1 edition of Transitions from military rule in South America found in the catalog.
Transitions from military rule in South America
Michael Joseph Mitchell
In recent years South America has witnessed a wave of transitions from military rule. These military regimes were different from past interventions in that the military came to power with their own agenda, not to specifically support an interest group, and they came to stay. This thesis examines the transition phenomenon from the military perspective, and hypothesize that these militaries chose to transition from power because of a breakdown in "obligational legitimacy" (a common identity within the military that justifies their right to rule). Specifically, a causal model in which obligational legitimacy is the dependent variable and nine causal conditions (both internal and external to the military organization) are the independent variables, is constructed and tested. This study considers the recent transitions in Argentina, Brazil, Peru, and Uruguay, and the non transition in Chile. It is concluded that a breakdown in obligational legitimacy is the key factor leading to the military"s decision to leave power. This perspective offers new insights for analysis of transitions, future transitions, and United States foreign policy options regarding military regimes, regimes in transition, and the new democracies of South America.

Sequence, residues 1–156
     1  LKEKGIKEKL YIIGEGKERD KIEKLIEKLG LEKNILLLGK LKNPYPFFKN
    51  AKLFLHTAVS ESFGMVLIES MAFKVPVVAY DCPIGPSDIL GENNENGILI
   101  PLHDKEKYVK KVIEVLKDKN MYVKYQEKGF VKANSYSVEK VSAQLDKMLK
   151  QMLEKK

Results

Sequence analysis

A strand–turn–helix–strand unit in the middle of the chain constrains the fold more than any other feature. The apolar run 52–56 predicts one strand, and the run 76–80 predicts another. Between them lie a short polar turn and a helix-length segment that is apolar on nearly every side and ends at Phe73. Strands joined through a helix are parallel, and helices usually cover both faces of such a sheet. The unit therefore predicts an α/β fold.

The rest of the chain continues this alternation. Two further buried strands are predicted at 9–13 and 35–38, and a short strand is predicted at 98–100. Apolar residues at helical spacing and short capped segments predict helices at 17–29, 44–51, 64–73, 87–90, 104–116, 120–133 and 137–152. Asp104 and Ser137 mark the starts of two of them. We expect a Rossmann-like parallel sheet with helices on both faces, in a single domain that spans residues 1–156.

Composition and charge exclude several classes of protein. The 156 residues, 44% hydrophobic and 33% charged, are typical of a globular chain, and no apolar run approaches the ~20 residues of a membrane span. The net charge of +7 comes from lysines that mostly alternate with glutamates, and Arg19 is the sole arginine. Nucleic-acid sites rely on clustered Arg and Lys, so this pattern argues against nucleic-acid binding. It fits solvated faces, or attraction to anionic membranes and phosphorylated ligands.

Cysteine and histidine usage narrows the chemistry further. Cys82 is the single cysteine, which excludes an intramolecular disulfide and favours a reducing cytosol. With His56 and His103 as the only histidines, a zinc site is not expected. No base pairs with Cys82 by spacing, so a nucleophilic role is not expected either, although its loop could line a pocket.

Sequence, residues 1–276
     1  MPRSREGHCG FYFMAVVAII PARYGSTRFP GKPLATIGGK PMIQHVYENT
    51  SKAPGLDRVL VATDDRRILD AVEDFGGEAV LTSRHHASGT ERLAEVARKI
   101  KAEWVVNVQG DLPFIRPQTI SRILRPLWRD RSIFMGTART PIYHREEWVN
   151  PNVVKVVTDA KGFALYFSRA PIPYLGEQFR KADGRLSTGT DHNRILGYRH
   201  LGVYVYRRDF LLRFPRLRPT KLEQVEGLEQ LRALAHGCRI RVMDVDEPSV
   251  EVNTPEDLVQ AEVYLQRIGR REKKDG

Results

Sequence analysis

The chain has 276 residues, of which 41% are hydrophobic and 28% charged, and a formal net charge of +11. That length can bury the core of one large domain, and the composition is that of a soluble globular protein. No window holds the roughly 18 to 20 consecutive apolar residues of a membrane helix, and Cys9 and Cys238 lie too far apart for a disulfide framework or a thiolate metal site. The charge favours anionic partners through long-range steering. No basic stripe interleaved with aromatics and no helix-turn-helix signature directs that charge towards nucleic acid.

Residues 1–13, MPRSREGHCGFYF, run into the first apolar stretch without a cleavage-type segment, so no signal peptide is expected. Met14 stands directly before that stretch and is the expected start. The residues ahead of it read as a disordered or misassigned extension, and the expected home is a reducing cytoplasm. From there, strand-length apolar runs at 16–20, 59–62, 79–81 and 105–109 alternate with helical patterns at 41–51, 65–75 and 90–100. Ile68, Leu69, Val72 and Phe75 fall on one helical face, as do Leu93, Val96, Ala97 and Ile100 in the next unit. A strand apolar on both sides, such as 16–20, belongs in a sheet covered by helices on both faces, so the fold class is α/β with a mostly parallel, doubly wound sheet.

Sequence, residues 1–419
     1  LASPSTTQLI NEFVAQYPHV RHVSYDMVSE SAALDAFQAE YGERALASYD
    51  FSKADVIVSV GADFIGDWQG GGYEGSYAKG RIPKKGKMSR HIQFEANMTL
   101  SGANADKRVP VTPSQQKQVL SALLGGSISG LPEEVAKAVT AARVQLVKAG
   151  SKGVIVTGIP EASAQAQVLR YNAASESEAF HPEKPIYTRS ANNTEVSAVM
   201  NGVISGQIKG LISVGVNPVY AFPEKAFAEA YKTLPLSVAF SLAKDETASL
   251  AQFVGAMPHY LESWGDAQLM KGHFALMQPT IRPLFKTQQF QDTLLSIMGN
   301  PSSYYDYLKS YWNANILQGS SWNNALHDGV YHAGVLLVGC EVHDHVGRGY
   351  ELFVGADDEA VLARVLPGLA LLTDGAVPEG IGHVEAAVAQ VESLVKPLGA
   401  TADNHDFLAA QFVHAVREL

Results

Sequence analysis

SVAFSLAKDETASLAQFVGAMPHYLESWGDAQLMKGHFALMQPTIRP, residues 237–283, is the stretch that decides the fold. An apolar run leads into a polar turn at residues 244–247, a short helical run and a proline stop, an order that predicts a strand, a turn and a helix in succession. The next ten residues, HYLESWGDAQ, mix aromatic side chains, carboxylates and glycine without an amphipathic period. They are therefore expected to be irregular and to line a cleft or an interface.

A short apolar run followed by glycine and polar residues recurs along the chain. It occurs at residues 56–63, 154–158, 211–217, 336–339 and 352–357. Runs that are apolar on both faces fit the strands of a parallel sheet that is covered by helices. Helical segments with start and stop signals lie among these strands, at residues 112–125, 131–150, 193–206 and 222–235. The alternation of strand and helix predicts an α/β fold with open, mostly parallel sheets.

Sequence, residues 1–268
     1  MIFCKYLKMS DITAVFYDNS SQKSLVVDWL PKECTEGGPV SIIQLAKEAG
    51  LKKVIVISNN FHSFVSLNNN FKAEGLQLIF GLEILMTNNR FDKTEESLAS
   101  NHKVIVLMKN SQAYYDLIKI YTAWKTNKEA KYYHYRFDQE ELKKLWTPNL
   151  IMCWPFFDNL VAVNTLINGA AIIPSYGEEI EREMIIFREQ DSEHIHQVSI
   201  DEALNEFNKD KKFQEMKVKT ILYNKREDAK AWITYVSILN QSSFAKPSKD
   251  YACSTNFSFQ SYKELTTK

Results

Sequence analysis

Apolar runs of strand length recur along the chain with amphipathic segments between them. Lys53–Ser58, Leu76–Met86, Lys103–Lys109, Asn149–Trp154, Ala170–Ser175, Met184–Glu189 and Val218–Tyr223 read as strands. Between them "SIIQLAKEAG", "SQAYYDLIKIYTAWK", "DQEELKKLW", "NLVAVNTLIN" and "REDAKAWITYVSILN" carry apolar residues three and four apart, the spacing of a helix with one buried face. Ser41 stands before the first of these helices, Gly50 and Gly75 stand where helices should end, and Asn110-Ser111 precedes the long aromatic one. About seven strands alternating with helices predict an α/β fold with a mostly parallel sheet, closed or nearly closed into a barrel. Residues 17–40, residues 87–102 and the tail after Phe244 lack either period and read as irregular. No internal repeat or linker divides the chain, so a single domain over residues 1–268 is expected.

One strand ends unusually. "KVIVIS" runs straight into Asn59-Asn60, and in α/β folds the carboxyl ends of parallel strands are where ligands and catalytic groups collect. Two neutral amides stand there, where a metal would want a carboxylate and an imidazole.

|Statement||Michael Joseph Mitchell|
|Contributions||Naval Postgraduate School (U.S.)|
|The Physical Object|
|Pagination||209 p. :|
|Number of Pages||209|
Latin America's Turbulent Transitions. likes. Latin America's Turbulent Transitions: The Future of 21st Century Socialism. A new book by Roger Burbach, Michael Fox and Federico Fuentes. Published The Warrior to Work program is a veteran employment program that provides career guidance and support services to wounded warriors, their families, and caregivers interested in transitioning to the civilian workforce. They match a veteran’s skills and experience to the needs of hiring managers across the country. Hire ://